But perhaps most of all, banks tend to have a look at the hiring climate before deciding how mean they’re going to be. Tech workers are still in demand, and senior Twitter staff are apparently particularly well regarded and likely to be hard to replace. Unfortunately, this is where the analogy becomes a little painful. Elon’s problems are coming from the same place that the junior banker rebellion of 2021 did. If market conditions for techies were like they are for bankers now, he might have got away with it.
Elsewhere, London employees of big US and international firms that do their global budgeting in dollars are beginning to notice a potential opportunity. Although bonus pools are likely to be down this year, the 20% devaluation of the pound sterling relative to the dollar gives quite an opportunity to make the money back. Different firms have different policies with respect to this; some of them will smooth the currency fluctuations and some will attempt to make the exchange rate gains accrue to shareholders rather than employees. But some banks just let the forex effects flow straight through.
This sort of gain is partly illusory – if you’re a US expat with student debt and a mortgage to pay back home, it doesn’t help so much. But for bankers with sterling expenses, not too many tastes for imported goods and who holiday in Cornwall and the Cotswolds rather than Dubai, this year might have a silver lining.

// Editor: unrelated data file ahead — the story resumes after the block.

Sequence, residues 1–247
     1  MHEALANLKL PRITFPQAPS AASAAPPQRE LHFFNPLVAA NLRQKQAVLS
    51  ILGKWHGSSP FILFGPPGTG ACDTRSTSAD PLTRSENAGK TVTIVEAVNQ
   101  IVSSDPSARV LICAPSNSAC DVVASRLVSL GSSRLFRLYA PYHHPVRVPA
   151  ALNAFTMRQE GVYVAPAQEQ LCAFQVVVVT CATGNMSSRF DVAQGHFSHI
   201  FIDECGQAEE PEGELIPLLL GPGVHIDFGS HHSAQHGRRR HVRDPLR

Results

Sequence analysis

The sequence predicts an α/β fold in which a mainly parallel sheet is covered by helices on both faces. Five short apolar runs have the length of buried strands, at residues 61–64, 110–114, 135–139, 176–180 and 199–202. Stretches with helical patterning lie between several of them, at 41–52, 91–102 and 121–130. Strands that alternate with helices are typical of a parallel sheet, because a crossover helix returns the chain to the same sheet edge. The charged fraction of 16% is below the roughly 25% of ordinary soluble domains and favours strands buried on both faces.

The US-based employees of FTX were apparently not in the loop to anything like the same extent as the inner circle in the Bahamas. When they heard the news that it was declaring bankruptcy (and that in many cases their own savings were lost), the co-chief executive of FTX US actually vomited. (WSJ)
Meanwhile, another psychiatrist writes about the alleged use of ADHD drugs and stimulants and their potential side effects. (Astralcodexten)
Some banking careers are more exciting than others, but you probably don’t want to have a career that’s so interesting you find yourself arguing that the US authorities have a hidden motive and want to question you about “individuals in Russia and Ukraine”, rather than the Brazilian bribery scandal that’s the subject of their extradition request. (Bloomberg)
After 27 year of maintaining a strict “no bankers” policy, Nick Jones is stepping down as CEO of Soho House. (FT)
BNP Paribas is still intending to grow through the deal drought, hiring Matt Randall from Liberum to be an MD in its UK team with a focus on corporate broking. (Financial News)
If you want to live much longer, do press-ups, inhale low-oxygen air and take loads of funny pills, but not vitamin supplements, according to the attendees of a “Longevity Investors Conference” in Gstaad. Alternatively, just go to loads of investment conferences, and whatever time you have left will seem much longer. (MIT Technology Review)
Sometimes you just have to fire a client. New York real estate brokers tell their stories of why, and how, they did so. (WSJ)
Surely this must be the bizarre unsolicited Sam Bankman-Fried interview to end them all? (Vox)
Photo: eFinancialCareers/Hugging Face